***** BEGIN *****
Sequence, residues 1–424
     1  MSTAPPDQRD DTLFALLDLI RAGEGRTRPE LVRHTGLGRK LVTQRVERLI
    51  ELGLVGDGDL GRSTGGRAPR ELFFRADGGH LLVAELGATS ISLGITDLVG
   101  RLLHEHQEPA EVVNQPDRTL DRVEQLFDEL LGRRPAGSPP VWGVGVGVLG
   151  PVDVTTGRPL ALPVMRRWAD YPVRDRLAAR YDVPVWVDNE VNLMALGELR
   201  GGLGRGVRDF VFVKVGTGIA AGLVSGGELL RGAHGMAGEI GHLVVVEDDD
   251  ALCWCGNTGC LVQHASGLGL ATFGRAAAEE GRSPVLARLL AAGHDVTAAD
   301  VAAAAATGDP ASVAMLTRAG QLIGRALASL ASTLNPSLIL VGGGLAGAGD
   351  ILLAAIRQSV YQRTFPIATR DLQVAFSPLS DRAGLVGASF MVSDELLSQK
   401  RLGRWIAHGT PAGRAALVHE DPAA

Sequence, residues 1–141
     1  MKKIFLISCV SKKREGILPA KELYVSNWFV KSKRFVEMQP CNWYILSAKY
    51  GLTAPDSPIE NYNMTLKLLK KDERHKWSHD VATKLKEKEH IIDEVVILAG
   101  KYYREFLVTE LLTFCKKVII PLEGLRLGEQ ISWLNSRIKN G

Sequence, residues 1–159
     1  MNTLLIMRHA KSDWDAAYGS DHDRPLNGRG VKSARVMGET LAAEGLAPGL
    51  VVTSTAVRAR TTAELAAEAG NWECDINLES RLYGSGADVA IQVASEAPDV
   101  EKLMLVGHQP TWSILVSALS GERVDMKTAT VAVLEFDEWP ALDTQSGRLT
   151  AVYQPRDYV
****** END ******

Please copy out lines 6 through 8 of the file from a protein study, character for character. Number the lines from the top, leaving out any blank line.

   201  GGLGRGVRDF VFVKVGTGIA AGLVSGGELL RGAHGMAGEI GHLVVVEDDD
   251  ALCWCGNTGC LVQHASGLGL ATFGRAAAEE GRSPVLARLL AAGHDVTAAD
   301  VAAAAATGDP ASVAMLTRAG QLIGRALASL ASTLNPSLIL VGGGLAGAGD